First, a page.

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18 Mar 2003 : Column 714Wcontinued
Mr. Blunkett: The Home Department aims to meet its public service responsibilities in the most cost effective and efficient manner. To achieve this, consideration is given to Private Finance Initiatives (PFI), and Public Private Partnerships (PPP) to minimise financial risk and maximise benefit to the Public. The Home Department currently has a number of PFI Schemes in operation providing new Police Headquarters, Police Air Support Services, and Police Communications, and is negotiating a number of similar funding partnerships for public services in both the Police Service and the National Probation Service.
Hilary Benn: The Violent and Sex Offenders Register (ViSOR) will enable the Police and Probations services to register offenders and maintain a national, up-to-date, shared store of information on offenders, their risk assessments and, critically, their movements.
In the meantime, forces have had the capability since August 2002 to search a database for information on offenders within their force area. This will help forces to track offenders, rationalise their business processes and ease the implementation of the full national solution, particularly in putting past records onto the new database.
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Tim Loughton: To ask the Secretary of State for the Home Department for what reason UK passports specify identification details in French in addition to English; and whether he plans to replace French with an alternative language. 
Beverley Hughes: The British Passport includes French on the personal details page to facilitate international travel and to comply with International Civil Aviational Organisation standards and European Union resolutions. All passports of European Union countries include English and French on the personal details page in addition to their own language. We have no plans to seek to change this.
Hilary Benn: On 10 March 2003 there were 31 babies under nine months and 19 babies under 18 months in prisons in England and Wales. Information about prisons in Scotland and Northern Ireland should be sought from the Scottish Executive and the Secretary of State for Northern Ireland respectively.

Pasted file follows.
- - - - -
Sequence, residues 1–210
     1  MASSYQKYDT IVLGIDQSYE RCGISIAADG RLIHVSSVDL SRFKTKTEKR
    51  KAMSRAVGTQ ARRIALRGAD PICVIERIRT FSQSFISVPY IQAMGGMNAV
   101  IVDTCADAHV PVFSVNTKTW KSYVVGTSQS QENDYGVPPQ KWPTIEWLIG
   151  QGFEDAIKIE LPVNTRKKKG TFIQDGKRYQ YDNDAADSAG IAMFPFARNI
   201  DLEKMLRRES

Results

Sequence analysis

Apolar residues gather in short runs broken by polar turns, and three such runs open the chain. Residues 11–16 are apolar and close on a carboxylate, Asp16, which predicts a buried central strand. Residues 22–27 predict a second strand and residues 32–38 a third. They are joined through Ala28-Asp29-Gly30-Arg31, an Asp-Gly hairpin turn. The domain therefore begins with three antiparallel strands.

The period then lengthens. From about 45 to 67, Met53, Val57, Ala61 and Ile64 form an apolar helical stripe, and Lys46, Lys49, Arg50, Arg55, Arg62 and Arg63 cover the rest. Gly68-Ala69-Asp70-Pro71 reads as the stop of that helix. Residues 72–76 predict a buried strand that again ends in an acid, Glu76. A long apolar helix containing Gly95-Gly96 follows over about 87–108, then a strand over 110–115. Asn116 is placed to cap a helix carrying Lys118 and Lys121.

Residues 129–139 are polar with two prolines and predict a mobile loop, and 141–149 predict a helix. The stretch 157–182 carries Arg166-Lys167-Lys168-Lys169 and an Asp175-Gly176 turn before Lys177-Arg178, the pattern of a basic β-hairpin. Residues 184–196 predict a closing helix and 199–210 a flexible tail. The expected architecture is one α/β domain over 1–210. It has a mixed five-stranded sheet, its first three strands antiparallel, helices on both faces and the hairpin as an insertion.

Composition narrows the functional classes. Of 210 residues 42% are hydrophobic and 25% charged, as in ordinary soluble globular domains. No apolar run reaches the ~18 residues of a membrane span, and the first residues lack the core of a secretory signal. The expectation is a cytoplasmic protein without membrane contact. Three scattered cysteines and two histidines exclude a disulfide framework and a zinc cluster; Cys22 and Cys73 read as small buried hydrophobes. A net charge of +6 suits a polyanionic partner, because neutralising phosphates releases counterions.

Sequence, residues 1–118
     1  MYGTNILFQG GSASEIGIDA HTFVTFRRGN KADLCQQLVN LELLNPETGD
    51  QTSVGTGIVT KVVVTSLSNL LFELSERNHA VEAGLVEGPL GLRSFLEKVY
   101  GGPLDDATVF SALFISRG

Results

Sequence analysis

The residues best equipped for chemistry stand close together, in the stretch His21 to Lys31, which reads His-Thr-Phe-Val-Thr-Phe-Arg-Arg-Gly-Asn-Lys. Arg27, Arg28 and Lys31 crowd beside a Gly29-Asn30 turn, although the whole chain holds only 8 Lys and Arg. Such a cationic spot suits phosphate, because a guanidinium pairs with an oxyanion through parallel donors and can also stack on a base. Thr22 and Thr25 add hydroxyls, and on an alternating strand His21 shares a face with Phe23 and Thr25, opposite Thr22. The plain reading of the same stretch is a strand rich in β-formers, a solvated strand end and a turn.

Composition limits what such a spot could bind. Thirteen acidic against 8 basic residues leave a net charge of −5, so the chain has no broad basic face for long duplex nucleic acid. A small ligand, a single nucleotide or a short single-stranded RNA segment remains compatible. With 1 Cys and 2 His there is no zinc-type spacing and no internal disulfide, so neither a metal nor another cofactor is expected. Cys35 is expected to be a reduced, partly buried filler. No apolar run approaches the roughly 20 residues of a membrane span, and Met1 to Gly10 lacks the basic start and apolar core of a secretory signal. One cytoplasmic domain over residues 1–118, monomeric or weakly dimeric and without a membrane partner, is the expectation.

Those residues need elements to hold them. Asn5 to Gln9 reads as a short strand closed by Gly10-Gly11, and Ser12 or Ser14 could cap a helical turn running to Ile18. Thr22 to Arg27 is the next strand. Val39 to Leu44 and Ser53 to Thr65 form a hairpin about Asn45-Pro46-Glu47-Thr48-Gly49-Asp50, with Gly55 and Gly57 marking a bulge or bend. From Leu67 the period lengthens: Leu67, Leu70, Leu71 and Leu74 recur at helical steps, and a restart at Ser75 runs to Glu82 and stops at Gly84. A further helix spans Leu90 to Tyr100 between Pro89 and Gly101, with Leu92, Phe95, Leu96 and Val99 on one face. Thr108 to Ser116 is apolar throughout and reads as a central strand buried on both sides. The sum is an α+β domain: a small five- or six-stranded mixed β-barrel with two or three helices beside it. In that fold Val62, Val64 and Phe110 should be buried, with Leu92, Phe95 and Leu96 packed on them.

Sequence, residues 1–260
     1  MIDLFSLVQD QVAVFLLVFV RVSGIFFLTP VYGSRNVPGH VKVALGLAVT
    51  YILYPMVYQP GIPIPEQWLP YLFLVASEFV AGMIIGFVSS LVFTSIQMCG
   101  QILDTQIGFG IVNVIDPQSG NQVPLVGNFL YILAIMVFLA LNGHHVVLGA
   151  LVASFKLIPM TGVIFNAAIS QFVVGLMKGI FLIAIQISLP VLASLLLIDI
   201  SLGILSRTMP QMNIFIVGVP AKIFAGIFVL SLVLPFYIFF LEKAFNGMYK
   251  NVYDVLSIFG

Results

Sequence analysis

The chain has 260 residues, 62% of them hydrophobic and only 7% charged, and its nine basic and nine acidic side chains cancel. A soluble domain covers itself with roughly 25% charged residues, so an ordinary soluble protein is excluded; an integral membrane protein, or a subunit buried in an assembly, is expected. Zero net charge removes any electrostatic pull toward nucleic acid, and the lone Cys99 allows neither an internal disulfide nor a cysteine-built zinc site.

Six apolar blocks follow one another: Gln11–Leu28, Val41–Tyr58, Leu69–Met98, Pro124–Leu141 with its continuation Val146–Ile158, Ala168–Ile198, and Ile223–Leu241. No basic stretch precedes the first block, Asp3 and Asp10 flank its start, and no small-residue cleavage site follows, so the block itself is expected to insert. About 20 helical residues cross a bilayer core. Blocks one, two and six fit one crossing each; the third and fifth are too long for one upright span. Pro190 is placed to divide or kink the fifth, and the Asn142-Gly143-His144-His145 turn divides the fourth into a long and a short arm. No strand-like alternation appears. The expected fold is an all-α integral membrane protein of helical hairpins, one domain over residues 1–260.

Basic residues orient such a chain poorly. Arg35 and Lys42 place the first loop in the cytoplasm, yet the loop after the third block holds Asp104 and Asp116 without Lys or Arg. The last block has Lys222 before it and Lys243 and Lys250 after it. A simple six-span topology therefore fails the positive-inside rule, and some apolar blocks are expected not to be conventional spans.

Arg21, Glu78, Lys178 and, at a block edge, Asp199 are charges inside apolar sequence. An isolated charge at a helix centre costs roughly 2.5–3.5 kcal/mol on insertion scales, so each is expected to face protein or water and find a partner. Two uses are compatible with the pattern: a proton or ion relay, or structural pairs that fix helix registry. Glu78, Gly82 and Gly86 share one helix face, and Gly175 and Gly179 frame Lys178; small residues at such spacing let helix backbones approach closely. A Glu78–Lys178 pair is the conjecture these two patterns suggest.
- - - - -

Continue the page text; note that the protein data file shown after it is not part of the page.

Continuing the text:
Hilary Benn: In line with Prison Service Order 4950, each young offender institution has a child protection policy. The policy is based upon well-established inter-agency arrangements for promoting the welfare of young people and safeguarding them from harm. Establishments are instructed to appoint a Child Protection Coordinator and establish a Child Protection Committee. Local Child Protection arrangements are approved by the Area Child Protection Committee and complement existing procedures for safeguarding young people such as the anti-bullying strategy and the pastoral care arrangements.
Hilary Benn: The available information relates to 17 year olds proceeded against, and of those, the number who were brought to court following arrest, and those given reprimands or final warnings. 54,590 were proceeded against in England and Wales in 2001, of
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whom 40,057 had been arrested and charged. In addition, 15,203 were given reprimands or final warnings.
Information on persons questioned is not collected centrally, and the information collected on total arrests is limited to those arrested for notifiable offences and then only by age group rather than individual age.
Mr. McLoughlin: To ask the Secretary of State for Work and Pensions what the administrative costs were of the (a) New Deal 50 Plus training grant, (b) job grant, (c) funeral payments grant, (d) Sure Start maternity grant, (e) community care grants and (f) access to work grants in the last financial year.